Michael Cox writes about the seminal play and the current touring production from Dundee Rep.
I first encountered John McGrath not in the theatre but in a library. I’d been a performing arts lecturer for two years and was looking for new plays to use in class. As an American, my knowledge of US theatre was excellent, and I was pretty well versed with English drama. Scottish theatre? Not so much—a fact I wanted to change.
And it wasn’t even Cheviot that would first impress me but a later work: Blood Red Roses. I immediately fell in love, not just with its characters and plot but with its tenacity—it was angry, opinionated and unashamedly political. I adored it, perhaps much more than my students.
But that play took me down a rabbit hole. I read other plays by McGrath and even located a dusty copy of A Good Night Out in the Glasgow University library. Most importantly I began speaking with people; people I had known for years who seemed utterly shocked at my ignorance of 7:84 Theatre Company and its exploits. Everyone had stories—being inspired as audience members and war stories from shows they had worked on.
When I began working in arts journalism I’d happily take advantage of 7:84 divergences in interviews with people. I relished these tales, even if most of them didn’t make copy.
Of course, The Cheviot, the Stag and the Black, Black Oil came up frequently. Over time I spoke with numerous people and heard countless tales; stories from the audience, the stage and behind the scenes. I’d heard so much about this seminal production that when I finally sat down to read the script I pretty much knew it beat for beat. However, unlike some of McGrath’s other plays it didn’t read as well to me. Staged readings and scene work in class with students, along with watching the film, allowed me to glimpse its dramatic heartbeat. But I didn’t have the opportunity to fully appreciate it as a dramatic whole…until last Wednesday.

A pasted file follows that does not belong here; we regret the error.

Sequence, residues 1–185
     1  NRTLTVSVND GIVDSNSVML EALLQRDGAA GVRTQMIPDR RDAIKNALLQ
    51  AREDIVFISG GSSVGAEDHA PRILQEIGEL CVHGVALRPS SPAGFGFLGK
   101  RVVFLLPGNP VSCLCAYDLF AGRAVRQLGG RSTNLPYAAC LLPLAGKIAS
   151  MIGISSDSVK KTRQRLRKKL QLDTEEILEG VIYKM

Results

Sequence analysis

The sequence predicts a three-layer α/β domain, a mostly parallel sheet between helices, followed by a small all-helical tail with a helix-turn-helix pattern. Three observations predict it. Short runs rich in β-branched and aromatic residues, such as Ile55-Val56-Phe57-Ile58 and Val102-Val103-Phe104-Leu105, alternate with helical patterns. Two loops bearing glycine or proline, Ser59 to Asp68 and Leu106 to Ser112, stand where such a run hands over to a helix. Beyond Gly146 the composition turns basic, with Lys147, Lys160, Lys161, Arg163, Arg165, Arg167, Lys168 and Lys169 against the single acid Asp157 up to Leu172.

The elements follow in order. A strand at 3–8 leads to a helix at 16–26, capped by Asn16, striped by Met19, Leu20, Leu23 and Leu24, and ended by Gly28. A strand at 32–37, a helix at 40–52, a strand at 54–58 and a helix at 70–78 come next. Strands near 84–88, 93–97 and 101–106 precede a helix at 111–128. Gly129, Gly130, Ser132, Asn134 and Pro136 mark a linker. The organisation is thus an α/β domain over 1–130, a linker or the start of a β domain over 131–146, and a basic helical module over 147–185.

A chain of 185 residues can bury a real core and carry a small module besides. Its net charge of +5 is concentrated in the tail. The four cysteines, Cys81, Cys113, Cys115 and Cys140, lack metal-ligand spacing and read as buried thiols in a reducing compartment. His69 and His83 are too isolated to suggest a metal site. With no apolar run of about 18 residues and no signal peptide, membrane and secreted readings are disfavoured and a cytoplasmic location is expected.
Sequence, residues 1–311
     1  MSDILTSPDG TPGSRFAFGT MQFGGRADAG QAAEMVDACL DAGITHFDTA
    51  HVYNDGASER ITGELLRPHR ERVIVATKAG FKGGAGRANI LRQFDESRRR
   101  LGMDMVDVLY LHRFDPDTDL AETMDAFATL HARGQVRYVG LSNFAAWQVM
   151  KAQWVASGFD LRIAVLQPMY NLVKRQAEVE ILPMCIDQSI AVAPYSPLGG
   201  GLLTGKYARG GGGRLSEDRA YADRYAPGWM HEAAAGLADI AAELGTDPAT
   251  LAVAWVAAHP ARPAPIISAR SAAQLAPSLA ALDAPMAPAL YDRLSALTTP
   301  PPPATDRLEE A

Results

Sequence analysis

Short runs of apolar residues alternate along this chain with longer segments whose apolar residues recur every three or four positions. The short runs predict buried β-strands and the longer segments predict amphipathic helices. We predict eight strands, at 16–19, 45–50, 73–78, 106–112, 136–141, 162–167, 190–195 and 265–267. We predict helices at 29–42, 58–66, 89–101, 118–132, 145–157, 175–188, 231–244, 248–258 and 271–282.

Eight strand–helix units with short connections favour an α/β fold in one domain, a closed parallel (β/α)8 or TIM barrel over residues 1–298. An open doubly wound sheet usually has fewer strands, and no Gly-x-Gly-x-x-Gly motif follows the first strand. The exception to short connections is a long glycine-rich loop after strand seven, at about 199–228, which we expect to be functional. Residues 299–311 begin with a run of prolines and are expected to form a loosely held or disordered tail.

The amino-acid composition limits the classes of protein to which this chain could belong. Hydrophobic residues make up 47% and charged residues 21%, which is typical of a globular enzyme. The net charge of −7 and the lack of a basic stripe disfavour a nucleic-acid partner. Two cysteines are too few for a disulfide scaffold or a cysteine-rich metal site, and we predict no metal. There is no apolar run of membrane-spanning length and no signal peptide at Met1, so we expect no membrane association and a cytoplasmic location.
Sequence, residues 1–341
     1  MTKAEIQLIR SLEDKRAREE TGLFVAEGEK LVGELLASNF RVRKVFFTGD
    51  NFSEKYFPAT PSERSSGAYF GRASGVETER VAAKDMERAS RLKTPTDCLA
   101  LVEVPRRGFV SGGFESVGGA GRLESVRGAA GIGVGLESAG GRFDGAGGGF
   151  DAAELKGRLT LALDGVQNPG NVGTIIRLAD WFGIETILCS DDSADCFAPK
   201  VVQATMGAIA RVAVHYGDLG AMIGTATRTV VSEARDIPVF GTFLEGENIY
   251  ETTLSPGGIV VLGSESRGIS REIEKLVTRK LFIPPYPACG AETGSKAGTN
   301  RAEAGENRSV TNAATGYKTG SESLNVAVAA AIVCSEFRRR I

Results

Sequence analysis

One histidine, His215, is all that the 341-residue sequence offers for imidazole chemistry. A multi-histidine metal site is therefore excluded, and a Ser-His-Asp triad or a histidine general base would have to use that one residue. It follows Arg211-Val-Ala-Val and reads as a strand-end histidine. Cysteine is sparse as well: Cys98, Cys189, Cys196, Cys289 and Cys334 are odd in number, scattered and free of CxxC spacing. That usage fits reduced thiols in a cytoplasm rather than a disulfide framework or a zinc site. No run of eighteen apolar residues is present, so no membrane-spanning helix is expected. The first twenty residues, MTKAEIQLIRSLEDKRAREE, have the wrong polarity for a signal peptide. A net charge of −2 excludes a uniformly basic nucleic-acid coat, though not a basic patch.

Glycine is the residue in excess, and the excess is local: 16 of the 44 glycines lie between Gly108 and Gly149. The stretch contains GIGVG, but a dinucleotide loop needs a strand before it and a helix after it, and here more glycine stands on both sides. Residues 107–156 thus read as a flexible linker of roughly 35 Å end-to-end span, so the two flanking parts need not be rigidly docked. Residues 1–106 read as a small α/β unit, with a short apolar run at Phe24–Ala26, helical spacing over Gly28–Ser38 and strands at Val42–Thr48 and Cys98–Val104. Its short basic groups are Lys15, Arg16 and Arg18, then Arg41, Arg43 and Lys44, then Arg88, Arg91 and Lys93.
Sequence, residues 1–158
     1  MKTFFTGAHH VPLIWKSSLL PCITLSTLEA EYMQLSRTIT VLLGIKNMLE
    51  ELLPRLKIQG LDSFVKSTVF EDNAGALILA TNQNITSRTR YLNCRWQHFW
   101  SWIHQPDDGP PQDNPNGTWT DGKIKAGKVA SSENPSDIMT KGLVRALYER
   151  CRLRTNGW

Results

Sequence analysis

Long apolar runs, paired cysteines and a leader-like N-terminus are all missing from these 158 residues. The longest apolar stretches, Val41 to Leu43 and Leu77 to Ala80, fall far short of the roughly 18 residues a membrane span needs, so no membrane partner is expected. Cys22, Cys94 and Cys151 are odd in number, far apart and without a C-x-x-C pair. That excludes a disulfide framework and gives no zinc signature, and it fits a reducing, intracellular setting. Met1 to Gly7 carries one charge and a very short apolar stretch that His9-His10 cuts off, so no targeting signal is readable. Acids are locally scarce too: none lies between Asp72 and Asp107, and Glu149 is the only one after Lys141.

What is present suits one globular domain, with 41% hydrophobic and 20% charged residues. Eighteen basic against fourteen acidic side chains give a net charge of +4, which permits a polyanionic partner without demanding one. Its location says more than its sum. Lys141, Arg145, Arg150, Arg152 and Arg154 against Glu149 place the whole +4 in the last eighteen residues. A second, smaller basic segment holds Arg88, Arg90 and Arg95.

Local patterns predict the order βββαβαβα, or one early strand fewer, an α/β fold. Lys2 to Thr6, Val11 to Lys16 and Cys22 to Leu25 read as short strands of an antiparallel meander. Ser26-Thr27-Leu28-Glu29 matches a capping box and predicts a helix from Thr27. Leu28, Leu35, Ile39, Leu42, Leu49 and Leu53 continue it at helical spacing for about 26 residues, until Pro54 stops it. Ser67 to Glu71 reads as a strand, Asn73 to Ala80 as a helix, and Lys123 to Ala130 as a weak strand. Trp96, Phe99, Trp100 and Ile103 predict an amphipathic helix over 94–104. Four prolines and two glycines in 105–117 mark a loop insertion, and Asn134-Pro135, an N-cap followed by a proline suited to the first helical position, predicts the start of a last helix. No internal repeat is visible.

I had missed Dundee Rep’s restaging last year for a few reasons, chief among them that it had sold out by the time I’d cleared my schedule. The word of mouth was mostly excellent from audiences and my critical colleagues alike, and I was sorry to have not had the opportunity to see it. So it was with selfish delight that I walked into the Royal Lyceum for its tour, one year after the fact.
And while I enjoyed the experience, it’s a difficult production to review, mainly for the fact that it is such a haunted play. The legacy of that initial production and of 7:84 cannot be denied, and romantic nostalgia is an easy trap to fall into. As a play, Cheviot likes to both ridicule and glorify Scotland’s past, and while it is constantly political it is a one-sided affair. The fact that it is in itself a part of Scottish nationalistic nostalgia is surely an unintended irony, even if its politics are more mainstream now than before.
The primary question at hand here is simple: is Joe Douglas’ current production successful or not? In short, the answer is yes. Every aspect is sharp: direction, design and performance alike. Many moments and performances stand out, and it has a good balance of pathos and humour.